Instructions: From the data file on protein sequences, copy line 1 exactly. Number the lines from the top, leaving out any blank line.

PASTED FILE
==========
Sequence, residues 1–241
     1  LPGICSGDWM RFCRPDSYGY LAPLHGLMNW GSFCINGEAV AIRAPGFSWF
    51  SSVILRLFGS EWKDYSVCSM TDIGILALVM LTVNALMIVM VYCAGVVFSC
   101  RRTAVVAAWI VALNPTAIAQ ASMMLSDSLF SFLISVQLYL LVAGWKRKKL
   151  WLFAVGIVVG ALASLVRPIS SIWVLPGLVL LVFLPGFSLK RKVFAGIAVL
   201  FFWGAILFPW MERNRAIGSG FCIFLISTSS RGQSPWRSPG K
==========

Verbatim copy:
Sequence, residues 1–241